At the end of last week, U.S. Rep. Brian Mast, R-Fla., raised concerns about the U.S. Army Corps’ announcement that the Corps will schedule releases from Lake Okeechobee to the Treasure Coast.
In anticipation of the 2023 rainy season, the Corps is planning preemptive discharges to the St. Lucie River Estuary and the Caloosahatchee River Estuary.
In a letter to Colonel James Booth, the Jacksonville District Commander of the U.S. Army Corps of Engineers, Mast urged him to take every possible step to end the discharges as soon as possible and take immediate action to prevent additional discharges in the rainy season.
Mast urged the Corps to lower lake levels in the dry season by maximizing flexibility elsewhere in the system, including full utilization of dispersed water management projects and other structures south of the lake. Any level of discharge above zero cubic feet per second is ecologically damaging to the St. Lucie estuary.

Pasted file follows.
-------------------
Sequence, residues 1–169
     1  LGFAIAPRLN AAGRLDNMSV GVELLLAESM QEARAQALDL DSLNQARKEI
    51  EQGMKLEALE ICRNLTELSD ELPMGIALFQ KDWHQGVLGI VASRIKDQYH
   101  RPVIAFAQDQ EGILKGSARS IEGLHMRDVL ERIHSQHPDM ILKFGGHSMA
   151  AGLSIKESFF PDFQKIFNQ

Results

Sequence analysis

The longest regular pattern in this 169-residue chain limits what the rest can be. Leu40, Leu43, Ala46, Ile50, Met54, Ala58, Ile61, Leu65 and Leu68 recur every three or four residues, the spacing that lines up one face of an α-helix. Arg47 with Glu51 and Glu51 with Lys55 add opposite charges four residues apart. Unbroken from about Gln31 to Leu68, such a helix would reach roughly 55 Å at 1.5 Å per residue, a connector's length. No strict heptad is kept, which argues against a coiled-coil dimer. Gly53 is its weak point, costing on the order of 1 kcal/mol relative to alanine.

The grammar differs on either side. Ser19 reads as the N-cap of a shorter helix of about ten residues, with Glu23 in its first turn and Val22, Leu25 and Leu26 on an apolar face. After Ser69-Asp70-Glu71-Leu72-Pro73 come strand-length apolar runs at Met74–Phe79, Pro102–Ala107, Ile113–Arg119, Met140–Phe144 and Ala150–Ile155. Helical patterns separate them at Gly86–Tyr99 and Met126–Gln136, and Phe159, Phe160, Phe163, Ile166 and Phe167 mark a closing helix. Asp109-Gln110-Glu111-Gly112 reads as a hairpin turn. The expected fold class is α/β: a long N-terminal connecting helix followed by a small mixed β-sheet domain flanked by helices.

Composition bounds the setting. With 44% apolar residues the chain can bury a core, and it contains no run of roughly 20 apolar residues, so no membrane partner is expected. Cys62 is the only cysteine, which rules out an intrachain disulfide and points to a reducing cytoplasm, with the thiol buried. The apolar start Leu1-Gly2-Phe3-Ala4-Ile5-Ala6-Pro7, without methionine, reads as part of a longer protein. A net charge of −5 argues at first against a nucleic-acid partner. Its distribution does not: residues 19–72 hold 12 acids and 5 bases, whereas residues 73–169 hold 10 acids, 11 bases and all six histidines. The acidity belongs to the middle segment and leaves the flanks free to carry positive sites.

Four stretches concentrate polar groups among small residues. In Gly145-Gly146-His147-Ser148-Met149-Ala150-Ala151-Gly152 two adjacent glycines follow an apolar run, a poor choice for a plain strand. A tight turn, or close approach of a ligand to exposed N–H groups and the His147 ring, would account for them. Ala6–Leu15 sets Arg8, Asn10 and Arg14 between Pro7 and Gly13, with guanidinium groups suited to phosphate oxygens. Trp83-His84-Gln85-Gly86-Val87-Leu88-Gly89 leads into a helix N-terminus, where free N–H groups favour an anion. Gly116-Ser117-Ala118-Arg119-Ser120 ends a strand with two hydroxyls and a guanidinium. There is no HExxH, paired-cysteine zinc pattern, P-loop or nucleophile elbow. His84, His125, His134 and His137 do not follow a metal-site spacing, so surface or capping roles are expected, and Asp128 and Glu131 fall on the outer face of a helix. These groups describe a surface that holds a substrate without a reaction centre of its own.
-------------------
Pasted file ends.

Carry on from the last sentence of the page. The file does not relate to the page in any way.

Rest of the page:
“The only acceptable number of discharges to our community is zero. Anything more than that harms our community,” said Mast.
The plan would send roughly 2 billion cubic feet of fresh water into the brackish ecosystem of the St. Lucie each week for an unknown period of time. It will upset the balance and threaten the species that habitat the estuary, and potentially have a negative impact on the Treasure Coast’s economy and public health.
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